Reclaiming the debate on poverty

In reading articles about economic poverty I am struck by the fact that most discussion focuses on the ways that spending power and material choice are limited for people with low incomes. In this paper I want to focus on the effects of poverty on the individual. I have not approached this as an academic subject, but have drawn on my experience of working in mental health, and the experiences of members of my family who work in public services. I feel this is a very relevant discussion for our times, and one which fits well with the aims of Progressive Pulse, with its commitment to a society that benefits the many not the few, the equal value of all children, objective truth and new thinking.

During the 1980s I noticed something had changed among the students who I supervised on placement. In case discussions about the problems faced by our clients the students no longer mentioned poverty, which was in fact a huge factor in most cases. When questioned, they said that poverty was not something covered on their courses. Perhaps this began as a well-intentioned change made to avoid stigmatising poorer people; or a deliberate move to seize the narrative, for whatever reason, poverty dropped out of the training curriculum, and with it went much understanding of people’s daily lives and the factors affecting people’s health and resilience. Things have moved on apace; the belief that poverty is a self-inflicted choice and that poor people can choose to help themselves has been largely assimilated into our culture.1 A new discussion of poverty is well overdue.

The material effects of poverty are multiple, interlinked and self-reinforcing, creating a whole range of outcomes in which poorer families are disadvantaged. From birth, with babies in poorer households having a lower birth weight and higher mortality, children born into poverty are disadvantaged. Low food quality and lack of facilities to prepare food, for example in homeless accommodation, can lead to poorer health. Substandard housing conditions, such as damp rooms, affect health as children develop, and poorer families tend to be placed in areas where there are few community facilities and shops, increasing their isolation and limiting their choices. Such areas are also less safe, and children in poorer families have more accidents. Poor families may be exploited by loan sharks, targeted by gangs and subject to friction in the community, creating constant stress.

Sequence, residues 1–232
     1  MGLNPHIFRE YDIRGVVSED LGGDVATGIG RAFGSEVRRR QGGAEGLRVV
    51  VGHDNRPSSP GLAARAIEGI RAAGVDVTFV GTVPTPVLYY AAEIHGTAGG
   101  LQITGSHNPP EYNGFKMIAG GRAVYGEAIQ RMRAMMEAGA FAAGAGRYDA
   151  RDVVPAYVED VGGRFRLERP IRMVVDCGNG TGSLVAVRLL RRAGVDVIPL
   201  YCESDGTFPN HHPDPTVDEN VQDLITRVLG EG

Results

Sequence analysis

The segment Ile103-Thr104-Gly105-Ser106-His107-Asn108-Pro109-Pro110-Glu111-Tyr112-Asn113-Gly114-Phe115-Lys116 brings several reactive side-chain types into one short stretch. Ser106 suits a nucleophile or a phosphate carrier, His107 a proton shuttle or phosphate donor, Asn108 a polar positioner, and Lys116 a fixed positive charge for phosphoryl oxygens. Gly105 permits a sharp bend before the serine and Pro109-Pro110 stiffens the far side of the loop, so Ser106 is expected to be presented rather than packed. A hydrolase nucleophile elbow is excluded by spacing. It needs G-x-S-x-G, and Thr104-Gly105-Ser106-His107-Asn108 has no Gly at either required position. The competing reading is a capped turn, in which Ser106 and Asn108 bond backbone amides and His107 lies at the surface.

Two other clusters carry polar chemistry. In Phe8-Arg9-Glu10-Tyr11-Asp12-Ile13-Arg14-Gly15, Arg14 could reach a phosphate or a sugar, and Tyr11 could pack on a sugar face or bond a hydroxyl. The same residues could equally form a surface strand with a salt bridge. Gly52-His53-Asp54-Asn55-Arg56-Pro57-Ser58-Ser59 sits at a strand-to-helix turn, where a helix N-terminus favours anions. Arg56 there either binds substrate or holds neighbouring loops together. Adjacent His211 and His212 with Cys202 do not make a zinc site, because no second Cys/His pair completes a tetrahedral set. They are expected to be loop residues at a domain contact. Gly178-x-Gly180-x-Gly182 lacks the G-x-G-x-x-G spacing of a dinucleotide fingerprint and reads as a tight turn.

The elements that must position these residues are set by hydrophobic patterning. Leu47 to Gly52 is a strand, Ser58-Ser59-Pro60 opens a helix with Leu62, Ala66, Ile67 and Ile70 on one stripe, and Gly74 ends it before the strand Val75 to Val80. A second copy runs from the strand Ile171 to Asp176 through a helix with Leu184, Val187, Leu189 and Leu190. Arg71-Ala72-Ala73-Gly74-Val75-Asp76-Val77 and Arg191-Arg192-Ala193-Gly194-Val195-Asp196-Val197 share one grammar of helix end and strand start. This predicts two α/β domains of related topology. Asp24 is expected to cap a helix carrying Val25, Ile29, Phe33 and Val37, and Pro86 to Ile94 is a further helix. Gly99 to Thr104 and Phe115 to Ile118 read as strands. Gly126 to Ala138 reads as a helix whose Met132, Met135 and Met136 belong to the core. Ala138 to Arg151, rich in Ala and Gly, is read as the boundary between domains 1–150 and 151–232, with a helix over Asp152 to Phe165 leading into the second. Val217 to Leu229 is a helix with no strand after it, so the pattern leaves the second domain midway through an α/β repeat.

Due to lack of money, their home environment, for children in low-income families, is likely to have fewer age-appropriate toys, books and sources of stimulation. Parents may be preoccupied with working long hours, or with the stresses caused by their situation, and have less time to spend with children. These factors lead to delays in reaching milestones for the developing child, for example in fine motor skills and language development. Poor children are not any less loved than children in well-off families, but this does not compensate for the range of disadvantages caused by poverty. The effects can be seen in school, with young children from poorer backgrounds showing more behavioural issues and attention-seeking, having a shorter attention span, being less able to motivate themselves, showing anger rather than problem-solving when confronted with difficulties, and having a narrow range of personal experience to draw on compared to their peers. All of this is likely to contribute to lower attainment, and also to a lack of resilience, self- confidence and personal resourcefulness.

Poverty is so much more than lack of money; it encompasses the resulting poverty of choice, experience, personal development and opportunity. Poor children internalise a sense of being worth less than others, as they quickly realise they do not have the same advantages or ‘things’ as their peers. Among teenagers considering career choices, for example, those from low-income families are less likely to have given thought to a career and the steps to be taken towards it, and more likely to reject suggestions from professionals because they feel they are ‘not clever enough.’ They may say it’s not worth studying a particular subject because they’re not good at it, which they tend to put down to the teacher not liking them; they are fearful of taking the risk of personal responsibility and aiming high. They have narrower horizons than their better-off peers and fewer positive role models; where they have made a career choice – often the same as that of another family member – they can be very fixed on that and will not consider other options. This kind of poverty among individuals results in a huge waste of potential talent for society.

Young people affected by poverty enter adulthood often with a pervading feeling of emptiness stemming from a lack of self-worth, sometimes expressed in anger or disaffection. Marketing knows that sense of emptiness well, and aims to exploit it with things we are told will make us happy. However it is a bottomless pit, and the treats we all like to motivate ourselves with are followed in poorer households by crippling debt as poorer consumers are always unable to sustain the things that society tells us we must have to be successful. More and more time is spent on the minutiae of daily life, as ways of surviving have to be found; leaving little time for aspirations and ambitions. The accumulated factors mentioned above also create a poverty of resilience, with those affected less able to overcome problems in their lives because they have fewer personal resources and limited experience of success.